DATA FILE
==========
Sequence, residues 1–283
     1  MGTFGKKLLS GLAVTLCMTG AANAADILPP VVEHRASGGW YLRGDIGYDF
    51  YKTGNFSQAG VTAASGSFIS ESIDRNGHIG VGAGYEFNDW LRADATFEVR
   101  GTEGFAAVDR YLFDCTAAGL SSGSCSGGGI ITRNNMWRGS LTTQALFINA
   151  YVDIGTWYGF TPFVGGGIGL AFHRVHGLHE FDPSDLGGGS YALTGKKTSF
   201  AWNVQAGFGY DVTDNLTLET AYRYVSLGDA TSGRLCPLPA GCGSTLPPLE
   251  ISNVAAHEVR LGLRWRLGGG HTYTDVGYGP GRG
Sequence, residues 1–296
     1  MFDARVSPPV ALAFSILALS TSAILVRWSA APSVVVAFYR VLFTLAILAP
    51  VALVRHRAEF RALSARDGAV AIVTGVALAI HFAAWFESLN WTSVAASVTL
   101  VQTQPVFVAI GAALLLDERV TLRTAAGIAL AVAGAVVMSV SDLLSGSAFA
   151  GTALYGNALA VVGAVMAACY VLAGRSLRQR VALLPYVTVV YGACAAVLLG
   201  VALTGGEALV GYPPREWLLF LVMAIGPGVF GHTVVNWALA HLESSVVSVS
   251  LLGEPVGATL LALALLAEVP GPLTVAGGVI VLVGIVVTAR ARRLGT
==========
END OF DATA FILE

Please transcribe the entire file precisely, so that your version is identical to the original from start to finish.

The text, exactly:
Sequence, residues 1–283
     1  MGTFGKKLLS GLAVTLCMTG AANAADILPP VVEHRASGGW YLRGDIGYDF
    51  YKTGNFSQAG VTAASGSFIS ESIDRNGHIG VGAGYEFNDW LRADATFEVR
   101  GTEGFAAVDR YLFDCTAAGL SSGSCSGGGI ITRNNMWRGS LTTQALFINA
   151  YVDIGTWYGF TPFVGGGIGL AFHRVHGLHE FDPSDLGGGS YALTGKKTSF
   201  AWNVQAGFGY DVTDNLTLET AYRYVSLGDA TSGRLCPLPA GCGSTLPPLE
   251  ISNVAAHEVR LGLRWRLGGG HTYTDVGYGP GRG
Sequence, residues 1–296
     1  MFDARVSPPV ALAFSILALS TSAILVRWSA APSVVVAFYR VLFTLAILAP
    51  VALVRHRAEF RALSARDGAV AIVTGVALAI HFAAWFESLN WTSVAASVTL
   101  VQTQPVFVAI GAALLLDERV TLRTAAGIAL AVAGAVVMSV SDLLSGSAFA
   151  GTALYGNALA VVGAVMAACY VLAGRSLRQR VALLPYVTVV YGACAAVLLG
   201  VALTGGEALV GYPPREWLLF LVMAIGPGVF GHTVVNWALA HLESSVVSVS
   251  LLGEPVGATL LALALLAEVP GPLTVAGGVI VLVGIVVTAR ARRLGT